The new 8,400-foot academy will be named the North Atlanta Fencing Center and feature eight grounded “strips” (fields of play), locker rooms, an equipped exercise room, parent’s lounge, wireless internet, equipment repair service and a pro shop selling beginner and competition equipment.
For Cherokee Fencing Club coach John Terris, the move is a welcome one.
“We wanted to make sure that we were providing the best service possible to our recreational fencers, children and competitive athletes,” Terris said. “My students needed more time in a permanent facility in order to develop and grow. Also, we really needed the space.”
As a part of the Cherokee Recreation and Parks Agency, the club initially started as an eight-week recreational program in 2005, with no more than ten total students under Terris.
Over the next three years, the program saw rapid growth under Terris, which prompted him to apply to the United States Fencing Association to found a county fencing club.
The USFA accepted the application, and the Cherokee Fencing Club was created in 2008.
Terris felt that there were two main factors in causing fencing’s rise in popularity over the last decade, with the first being the Olympic Games.
“With every passing Olympics, fencing has become more and more popular,” Terris said. “Every four years, there is a surge in fencing membership across the board. In the past, there was usually a drop off not long after the Olympics were over. But, in 2008, that wasn’t the case. Our numbers stayed high. I expect the same thing this year.”
Terris said the second factor in fencing’s rising popularity were films such as “Pirates of the Caribbean”.
“Most of my students were attracted to fencing because of their fascination with sword play,” Terris said. “They see it in the movies and think ‘I can do that.”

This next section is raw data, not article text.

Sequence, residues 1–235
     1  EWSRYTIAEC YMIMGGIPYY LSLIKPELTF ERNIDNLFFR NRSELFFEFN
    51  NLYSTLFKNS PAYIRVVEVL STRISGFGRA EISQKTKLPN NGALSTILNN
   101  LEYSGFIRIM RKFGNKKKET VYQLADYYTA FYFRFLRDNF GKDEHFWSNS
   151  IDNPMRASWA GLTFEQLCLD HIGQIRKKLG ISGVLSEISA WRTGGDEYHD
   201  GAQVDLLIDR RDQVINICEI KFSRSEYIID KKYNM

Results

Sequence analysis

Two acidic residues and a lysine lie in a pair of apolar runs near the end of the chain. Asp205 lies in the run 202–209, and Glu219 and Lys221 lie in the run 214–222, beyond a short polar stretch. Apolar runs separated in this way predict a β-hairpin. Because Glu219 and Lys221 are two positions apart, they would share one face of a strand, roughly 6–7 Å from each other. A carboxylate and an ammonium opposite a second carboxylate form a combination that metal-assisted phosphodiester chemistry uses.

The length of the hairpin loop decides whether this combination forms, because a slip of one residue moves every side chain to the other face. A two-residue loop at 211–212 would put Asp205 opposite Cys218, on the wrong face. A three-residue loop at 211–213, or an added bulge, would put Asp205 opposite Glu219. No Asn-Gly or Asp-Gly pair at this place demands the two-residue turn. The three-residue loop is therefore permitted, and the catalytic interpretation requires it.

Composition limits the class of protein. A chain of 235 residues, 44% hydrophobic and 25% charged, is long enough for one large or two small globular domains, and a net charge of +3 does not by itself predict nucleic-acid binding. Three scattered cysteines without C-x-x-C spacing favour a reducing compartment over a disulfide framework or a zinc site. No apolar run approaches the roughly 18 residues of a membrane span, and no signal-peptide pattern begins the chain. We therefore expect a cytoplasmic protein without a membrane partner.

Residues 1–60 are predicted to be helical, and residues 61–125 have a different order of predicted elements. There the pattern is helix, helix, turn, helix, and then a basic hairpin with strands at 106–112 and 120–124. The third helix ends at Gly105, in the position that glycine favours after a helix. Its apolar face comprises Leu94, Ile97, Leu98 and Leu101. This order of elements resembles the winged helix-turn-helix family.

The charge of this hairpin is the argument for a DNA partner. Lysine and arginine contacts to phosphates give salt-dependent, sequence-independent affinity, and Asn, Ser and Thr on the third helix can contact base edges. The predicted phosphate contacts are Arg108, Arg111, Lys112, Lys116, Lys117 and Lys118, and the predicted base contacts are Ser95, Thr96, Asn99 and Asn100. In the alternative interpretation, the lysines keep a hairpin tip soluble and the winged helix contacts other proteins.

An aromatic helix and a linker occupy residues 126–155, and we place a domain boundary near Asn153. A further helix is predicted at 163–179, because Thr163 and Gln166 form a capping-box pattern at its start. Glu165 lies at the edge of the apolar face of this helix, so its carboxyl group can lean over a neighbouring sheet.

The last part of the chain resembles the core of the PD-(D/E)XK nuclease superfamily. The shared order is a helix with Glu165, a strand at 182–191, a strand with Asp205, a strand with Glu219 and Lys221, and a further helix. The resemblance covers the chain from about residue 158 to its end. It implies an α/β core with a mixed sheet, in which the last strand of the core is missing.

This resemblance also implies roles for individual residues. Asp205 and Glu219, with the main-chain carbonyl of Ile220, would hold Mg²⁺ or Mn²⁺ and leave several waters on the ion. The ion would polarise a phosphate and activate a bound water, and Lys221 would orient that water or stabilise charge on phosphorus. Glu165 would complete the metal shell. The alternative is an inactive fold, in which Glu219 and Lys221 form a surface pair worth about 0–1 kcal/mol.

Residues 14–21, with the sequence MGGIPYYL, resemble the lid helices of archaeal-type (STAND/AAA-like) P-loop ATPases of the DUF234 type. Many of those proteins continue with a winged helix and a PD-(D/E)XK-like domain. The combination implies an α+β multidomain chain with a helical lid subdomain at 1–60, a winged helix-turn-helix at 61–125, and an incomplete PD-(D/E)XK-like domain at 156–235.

The reality, Terris says, is much different.
“(The students) usually realize quickly that fencing is a less romantic martial art and more of a sport where you and your opponent play tag with a metal stick,” he said. “It all comes full circle, however, when they realize the thrill of participating in competitions and see that the weapon is just a tool to put points in the box.”
Cade Curtis, one of Terris’ former students, quickly realized that there was more to fencing than met the eye.
“It’s an incredibly ordered and disciplined sport. There is a lot of thought behind it,” said Curtis, who studied under Terris for five years. “You have to constantly think two or three steps ahead, as well as try and anticipate what the other person is thinking. It’s a mind game.”
When asked if he would recommend others to join the Cherokee Fencing Club, Curtis said definitely.
“The best part about the club is that you are allowed to work at your own pace. Whether you fence casually or competitively, they cater their programs to you. The club is for everyone.”